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3D enthusiasts join forces to help fight COVID-19

Lily York with one of her first edition masks

When you ask Lily York if she thinks she’s a hero, she emphatically declares “Yes!”

A kindergartner at Barretts Elementary School, Lily and her father are using their 3D printer to create “Montana Masks.” The masks will be used by healthcare professionals in rural Missouri, who are fighting COVID-19.

Lily is a hero. But she is not alone.

Rick Reeves, Industrial Arts and Project Lead The Way [PLTW] teacher at Francis Howell High

In St. Charles County, Rick Reeves is running two 3D printers around the clock, churning out headbands and brackets that will be paired with transparent face shields and used by healthcare professionals in metro St. Louis fighting COVID-19.

Reeves is the Industrial Arts and Project Lead The Way [PLTW] teacher at Francis Howell High. He’s using his spare time and the school’s printers and raw material — PLA [poly lactic acid] filament — to accomplish the task. He’s acting at the request of Dr. David Brothers, the district’s director of assessment and curriculum.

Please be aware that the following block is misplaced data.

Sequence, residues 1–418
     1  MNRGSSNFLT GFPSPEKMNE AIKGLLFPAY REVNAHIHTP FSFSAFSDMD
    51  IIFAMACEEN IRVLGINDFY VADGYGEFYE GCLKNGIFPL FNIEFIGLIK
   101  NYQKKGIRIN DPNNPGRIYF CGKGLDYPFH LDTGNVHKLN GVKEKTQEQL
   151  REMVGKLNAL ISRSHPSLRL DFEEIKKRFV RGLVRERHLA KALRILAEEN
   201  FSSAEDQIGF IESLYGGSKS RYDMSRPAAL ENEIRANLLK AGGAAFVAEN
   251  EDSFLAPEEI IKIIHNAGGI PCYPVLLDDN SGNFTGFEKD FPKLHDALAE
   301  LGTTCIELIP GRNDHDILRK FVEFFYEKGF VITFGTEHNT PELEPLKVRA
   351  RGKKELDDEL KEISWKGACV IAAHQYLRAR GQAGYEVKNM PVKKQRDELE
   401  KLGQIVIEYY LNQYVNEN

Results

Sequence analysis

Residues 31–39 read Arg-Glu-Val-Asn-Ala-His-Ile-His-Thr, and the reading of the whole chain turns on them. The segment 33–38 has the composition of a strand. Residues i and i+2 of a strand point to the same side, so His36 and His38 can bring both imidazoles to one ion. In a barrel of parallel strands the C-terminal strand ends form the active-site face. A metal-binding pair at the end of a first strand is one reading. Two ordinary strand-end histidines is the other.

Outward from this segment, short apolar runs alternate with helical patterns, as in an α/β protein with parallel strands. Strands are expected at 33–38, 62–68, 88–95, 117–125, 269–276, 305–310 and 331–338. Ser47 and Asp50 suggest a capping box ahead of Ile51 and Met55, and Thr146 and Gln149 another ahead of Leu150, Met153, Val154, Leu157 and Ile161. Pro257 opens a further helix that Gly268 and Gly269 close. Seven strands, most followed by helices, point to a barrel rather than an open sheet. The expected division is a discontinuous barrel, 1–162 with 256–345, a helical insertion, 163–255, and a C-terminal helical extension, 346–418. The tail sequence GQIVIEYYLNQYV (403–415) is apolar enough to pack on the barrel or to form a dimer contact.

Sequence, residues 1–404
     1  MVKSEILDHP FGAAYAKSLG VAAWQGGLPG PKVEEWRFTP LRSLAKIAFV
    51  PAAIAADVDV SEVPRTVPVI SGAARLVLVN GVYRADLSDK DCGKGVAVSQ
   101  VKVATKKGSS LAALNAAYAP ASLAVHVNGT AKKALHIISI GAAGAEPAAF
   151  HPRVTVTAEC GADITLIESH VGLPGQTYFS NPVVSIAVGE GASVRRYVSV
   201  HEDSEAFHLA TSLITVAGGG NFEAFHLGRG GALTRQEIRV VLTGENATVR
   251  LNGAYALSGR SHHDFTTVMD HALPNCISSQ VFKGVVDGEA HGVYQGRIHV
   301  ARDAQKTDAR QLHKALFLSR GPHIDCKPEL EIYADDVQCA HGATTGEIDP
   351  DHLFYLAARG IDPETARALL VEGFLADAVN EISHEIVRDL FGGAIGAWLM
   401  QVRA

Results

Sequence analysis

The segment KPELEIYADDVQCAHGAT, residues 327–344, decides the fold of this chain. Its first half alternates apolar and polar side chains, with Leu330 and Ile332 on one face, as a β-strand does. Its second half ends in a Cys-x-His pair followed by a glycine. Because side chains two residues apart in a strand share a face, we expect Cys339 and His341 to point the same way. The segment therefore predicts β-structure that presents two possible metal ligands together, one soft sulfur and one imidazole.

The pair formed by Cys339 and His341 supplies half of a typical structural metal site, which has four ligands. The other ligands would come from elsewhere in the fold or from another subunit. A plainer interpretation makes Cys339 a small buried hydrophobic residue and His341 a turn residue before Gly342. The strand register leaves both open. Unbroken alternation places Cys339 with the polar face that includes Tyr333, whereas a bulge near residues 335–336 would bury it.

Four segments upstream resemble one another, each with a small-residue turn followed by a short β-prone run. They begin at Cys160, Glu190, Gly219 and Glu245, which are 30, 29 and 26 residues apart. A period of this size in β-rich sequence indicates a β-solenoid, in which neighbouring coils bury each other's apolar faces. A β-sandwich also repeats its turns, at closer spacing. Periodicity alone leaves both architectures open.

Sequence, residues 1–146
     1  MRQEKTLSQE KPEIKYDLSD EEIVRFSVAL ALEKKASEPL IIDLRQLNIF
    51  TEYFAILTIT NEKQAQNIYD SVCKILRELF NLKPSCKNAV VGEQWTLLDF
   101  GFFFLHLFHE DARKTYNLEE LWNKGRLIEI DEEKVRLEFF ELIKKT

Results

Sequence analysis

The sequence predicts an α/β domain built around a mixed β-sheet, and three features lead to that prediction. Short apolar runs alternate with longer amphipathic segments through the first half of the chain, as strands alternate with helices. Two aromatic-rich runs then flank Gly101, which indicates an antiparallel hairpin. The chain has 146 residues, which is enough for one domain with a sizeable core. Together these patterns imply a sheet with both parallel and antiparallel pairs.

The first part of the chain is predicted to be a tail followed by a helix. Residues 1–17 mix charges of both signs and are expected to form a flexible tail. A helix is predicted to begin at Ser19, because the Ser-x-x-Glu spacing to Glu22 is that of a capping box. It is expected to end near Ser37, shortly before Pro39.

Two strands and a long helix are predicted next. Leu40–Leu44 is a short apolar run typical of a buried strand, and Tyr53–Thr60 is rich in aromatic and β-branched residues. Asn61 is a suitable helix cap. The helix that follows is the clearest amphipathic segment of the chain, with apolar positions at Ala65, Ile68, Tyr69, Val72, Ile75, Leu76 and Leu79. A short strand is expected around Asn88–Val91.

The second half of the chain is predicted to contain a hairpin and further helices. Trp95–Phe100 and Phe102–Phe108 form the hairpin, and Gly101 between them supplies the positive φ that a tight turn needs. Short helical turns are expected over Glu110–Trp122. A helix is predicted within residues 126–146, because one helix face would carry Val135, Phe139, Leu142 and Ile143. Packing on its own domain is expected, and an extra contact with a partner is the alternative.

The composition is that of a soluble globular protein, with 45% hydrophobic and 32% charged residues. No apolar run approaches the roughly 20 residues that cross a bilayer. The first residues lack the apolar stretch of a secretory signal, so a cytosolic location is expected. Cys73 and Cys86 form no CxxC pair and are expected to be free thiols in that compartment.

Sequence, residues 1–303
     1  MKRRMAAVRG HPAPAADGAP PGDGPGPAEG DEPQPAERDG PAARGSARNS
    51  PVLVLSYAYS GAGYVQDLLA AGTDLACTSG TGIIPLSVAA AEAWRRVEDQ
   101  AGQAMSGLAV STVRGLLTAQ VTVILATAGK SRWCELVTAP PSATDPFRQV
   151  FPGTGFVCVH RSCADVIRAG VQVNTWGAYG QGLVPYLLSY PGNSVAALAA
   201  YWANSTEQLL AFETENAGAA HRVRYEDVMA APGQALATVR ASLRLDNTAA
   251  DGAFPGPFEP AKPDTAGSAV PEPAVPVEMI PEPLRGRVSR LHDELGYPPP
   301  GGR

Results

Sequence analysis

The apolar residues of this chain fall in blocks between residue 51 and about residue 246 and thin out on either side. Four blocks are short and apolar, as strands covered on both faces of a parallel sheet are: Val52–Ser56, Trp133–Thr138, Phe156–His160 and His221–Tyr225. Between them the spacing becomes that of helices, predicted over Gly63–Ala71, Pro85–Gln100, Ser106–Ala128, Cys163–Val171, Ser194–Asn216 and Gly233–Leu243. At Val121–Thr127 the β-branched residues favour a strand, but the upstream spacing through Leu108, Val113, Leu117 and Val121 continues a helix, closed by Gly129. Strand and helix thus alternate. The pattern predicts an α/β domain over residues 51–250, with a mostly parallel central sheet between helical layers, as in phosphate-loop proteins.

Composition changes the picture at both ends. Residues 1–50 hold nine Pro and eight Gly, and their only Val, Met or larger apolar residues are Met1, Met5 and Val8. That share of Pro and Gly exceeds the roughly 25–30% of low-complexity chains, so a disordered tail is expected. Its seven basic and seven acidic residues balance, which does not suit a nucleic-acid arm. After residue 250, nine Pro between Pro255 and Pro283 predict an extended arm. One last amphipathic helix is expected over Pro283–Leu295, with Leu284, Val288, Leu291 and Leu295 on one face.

When Brothers called and said the district wanted to make masks, Reeves was all in. He’d already been looking into a prototype and had one of the school’s printers at his home.

“I brought [a printer] home at the start of spring break just in case a student needed me to make anything for them,” Reeves explained. When he got the call from Brothers, he retrived the school’s second printer and all its raw materials.

Lily’s journey to mask making was all her idea, her father said. Her project is called “Lil’ Helpers.”

“Because I’m Lily,” she said.

It began when Lily and her dad decided they wanted a 3D printer. Lily’s mom suggested they write a business plan for its use. That got Lily thinking. They could make toys or something to sell but then she decided what she really wanted to do was help.

“I thought of helping because there is a YouTube video that says that some people are born and they don’t have hands that can move like our hands. When I saw that video I thought maybe of helping people,” Lily explained.

Together with her dad, she researched mask designs and on April 1, the duo connected with the St. Louis 3D Printing Society on Facebook and learned about the Montana Mask.

An example of a Montana Mask

“What’s interesting about this design is that you can take one N95 mask and turn it into six,” Bryan said. The Montana Mask requires just a portion of N95 filter material. “By cutting it into pieces, you can essentially multiply it, so to speak.”

He noted that the administrator of the Facebook group is taking care of mask assembly.

“Right now, we’re just focused on pumping out the plastic portion, which is pretty perfect for us,” Bryan said.

“We do two [runs] a day,” Lily said. “With the old design, we used to do one a day.” The old design was much more complicated and took longer to produce. “The new design takes 8 hours to make.”